Definition: A cost variance is the difference between the actual expenses incurred and the standard expenses estimated at the beginning of a period. Management uses these variances are used to analyze and track the progress of production processes, budgets, and other operations.
What Does Cost Variance Mean?
Before a cost variance can be calculated, the standard cost must be established. This is the estimated expense that management anticipates incurring during the period. These costs usually include direct materials, direct labor, and factory overhead. When management has finishes setting their standard costs for the period, the production process can begin.
At the end of the accounting period, management analyzes the difference between the actual amount of expenses incurred and the standards that were set at the beginning. The difference between these two numbers is considered the cost variance. Variances can be favorable or unfavorable.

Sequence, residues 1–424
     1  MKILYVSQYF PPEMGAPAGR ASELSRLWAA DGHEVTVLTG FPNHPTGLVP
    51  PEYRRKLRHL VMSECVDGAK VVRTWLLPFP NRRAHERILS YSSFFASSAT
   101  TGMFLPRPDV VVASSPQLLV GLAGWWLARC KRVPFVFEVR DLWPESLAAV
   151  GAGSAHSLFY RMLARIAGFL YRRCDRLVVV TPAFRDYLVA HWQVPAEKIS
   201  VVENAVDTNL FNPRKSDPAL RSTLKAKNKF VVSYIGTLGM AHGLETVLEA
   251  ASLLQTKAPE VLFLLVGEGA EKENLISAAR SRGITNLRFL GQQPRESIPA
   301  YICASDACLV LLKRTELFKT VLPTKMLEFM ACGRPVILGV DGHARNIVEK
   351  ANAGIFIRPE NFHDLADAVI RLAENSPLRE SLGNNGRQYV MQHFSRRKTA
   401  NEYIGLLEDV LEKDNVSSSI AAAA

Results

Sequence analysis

A favorable variance occurs when the actual costs incurred are less than the estimated costs. Similar to the budgeting process, unfavorable variances occur when the actual costs are higher than the estimated expenses.
After management has identified the favorable and unfavorable variances, they can break them down into their components. Each cost variance is made up of a quantity component and a price component. Each of these components in turn have an actual amount and standard amount associated with them just like the variance. Here are the cost variance equations.
Cost variance = Actual cost – Standard cost
Actual cost = Actual quantity x Actual price
Standard cost = Standard quantity x standard price
Management can use these formulas to analyze what happened during the accounting period and how to adjust the production process in the future. For instance, these formulas can be combined to find the price and quantity variance for the period. This way management can understand what caused the overall cost variance. Was it the change in quantities purchased, the change in price, or a combination of the two?